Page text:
04 July 2022
Government has announced changes to industrial relations-connected law which are intended to discourage unlawful industrial action and to support employers to source substitute workers in place of their striking employees.
End of prohibition on use of agency workers
Employers subject to strike action, or industrial action short of a strike, looking to ensure that work can continue, are to be given the option of securing substitute temporary workers supplied via agencies. Proposed new regulations intend to remove the existing prohibition under the ‘Conduct of Employment Agencies and Employment Businesses Regulations 2003’ preventing an employment agency from supplying an employer with temporary workers to perform duties normally performed by:
- a worker who is on strike or taking industrial action; or
- any other worker who has been assigned to cover the striking worker.
This will enable businesses to engage temporary agency staff via employment businesses during the industrial action.
Liability of trade unions to increase
Risks to trade unions for organising a strike or other industrial action may also increase. Currently, if industrial action involves a breach of, or inducement to breach, an employment contract by a worker, the Union may be held liable for any loss suffered by the employer as a consequence. This is limited by a statutory cap with reference to the size of the Union’s membership.
Where industrial action is taken on and from 21 July 2022, increases to the statutory caps are planned as follows:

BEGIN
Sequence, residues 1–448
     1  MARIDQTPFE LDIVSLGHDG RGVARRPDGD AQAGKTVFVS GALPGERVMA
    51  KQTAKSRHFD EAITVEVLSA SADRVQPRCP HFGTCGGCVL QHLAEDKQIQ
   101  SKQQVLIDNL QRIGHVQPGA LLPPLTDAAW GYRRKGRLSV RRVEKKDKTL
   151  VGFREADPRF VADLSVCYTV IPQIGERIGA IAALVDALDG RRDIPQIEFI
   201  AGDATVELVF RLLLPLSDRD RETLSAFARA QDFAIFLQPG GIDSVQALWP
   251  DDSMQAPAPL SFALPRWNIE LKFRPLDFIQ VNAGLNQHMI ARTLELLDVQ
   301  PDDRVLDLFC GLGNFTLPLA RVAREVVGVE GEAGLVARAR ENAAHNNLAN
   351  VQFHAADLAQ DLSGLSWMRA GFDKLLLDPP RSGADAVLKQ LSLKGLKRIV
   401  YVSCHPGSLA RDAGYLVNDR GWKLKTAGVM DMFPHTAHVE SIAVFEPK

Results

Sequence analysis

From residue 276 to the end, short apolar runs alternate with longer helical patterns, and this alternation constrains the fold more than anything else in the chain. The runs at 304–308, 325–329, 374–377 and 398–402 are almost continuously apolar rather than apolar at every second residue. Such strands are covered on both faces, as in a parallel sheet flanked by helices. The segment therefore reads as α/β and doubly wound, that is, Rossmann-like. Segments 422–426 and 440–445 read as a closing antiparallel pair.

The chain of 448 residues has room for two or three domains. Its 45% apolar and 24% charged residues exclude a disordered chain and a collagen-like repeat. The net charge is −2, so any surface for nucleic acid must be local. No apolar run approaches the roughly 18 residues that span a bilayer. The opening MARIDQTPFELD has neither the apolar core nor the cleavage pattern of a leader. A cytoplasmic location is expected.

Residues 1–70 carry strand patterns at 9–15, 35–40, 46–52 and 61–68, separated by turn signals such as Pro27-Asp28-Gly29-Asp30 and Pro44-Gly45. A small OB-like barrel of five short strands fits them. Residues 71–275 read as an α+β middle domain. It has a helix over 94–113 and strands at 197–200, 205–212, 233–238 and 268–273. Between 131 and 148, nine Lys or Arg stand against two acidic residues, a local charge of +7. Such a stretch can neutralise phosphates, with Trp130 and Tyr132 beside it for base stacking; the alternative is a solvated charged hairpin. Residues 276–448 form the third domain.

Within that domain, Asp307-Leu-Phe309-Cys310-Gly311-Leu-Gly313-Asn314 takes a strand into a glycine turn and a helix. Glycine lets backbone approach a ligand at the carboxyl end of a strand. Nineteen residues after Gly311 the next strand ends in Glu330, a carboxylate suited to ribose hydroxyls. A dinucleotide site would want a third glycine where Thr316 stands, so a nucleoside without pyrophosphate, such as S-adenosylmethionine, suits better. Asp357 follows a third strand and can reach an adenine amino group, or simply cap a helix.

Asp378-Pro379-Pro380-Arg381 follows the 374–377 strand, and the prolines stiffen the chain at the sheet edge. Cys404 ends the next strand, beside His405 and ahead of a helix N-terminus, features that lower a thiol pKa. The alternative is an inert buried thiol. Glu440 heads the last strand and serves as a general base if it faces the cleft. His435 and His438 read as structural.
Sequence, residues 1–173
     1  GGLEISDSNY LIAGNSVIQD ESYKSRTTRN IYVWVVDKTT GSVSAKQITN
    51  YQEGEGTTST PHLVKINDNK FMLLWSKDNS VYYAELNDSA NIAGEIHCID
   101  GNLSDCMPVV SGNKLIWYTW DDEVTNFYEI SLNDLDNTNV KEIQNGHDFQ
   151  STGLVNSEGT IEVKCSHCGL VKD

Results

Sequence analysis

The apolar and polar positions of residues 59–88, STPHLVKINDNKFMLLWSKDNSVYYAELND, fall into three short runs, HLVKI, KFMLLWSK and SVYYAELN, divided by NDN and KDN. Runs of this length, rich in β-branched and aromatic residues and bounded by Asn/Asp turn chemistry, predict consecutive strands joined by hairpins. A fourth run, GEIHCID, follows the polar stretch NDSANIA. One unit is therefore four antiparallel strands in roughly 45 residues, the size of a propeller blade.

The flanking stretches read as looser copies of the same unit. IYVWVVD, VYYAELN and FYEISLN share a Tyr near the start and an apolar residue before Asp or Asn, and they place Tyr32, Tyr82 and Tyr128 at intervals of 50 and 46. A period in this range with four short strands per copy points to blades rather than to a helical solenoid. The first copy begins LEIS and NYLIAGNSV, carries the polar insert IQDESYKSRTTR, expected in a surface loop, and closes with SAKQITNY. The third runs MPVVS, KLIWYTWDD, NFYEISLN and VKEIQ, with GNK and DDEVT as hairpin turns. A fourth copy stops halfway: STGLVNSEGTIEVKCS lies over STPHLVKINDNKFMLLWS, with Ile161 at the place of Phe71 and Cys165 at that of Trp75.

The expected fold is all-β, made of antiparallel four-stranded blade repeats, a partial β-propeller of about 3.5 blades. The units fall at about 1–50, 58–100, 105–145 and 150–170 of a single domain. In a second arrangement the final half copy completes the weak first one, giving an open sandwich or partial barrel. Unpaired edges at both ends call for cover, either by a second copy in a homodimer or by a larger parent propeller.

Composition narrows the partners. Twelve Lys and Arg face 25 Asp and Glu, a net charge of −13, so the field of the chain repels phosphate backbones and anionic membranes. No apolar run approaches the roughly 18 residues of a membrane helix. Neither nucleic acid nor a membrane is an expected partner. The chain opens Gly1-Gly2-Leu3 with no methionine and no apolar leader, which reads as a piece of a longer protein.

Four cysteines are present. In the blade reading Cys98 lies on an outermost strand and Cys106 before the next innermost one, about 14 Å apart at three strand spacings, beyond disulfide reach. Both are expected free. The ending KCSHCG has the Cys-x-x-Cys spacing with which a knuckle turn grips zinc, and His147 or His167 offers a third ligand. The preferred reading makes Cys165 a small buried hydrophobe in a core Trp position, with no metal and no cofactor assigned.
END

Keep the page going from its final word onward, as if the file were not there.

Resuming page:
A union will be exempt from such liability if all the following conditions apply:
- the industrial action was taken ‘in contemplation or furtherance of a trade dispute’;
- it is not being taken for a prohibited purpose, such as to enforce a ‘closed shop’ or to protest at the dismissal of workers taking unofficial industrial action;
- it does not amount to secondary action or unlawful picketing; and
- the action has the support of a properly organised ballot of union members, and the union has complied with notification requirements (there are highly detailed requirements as to the formalities of the ballot).
However, if the industrial action involves torts such as harassment, nuisance, or trespass, there will remain no statutory immunity.
How practically useful these changes will be to business, either to deter lawful strike action or to assist with strike labour replacement, only time will tell.
If you are an employer requiring support as to your rights and obligations during industrial action, please contact Charlie Barnes.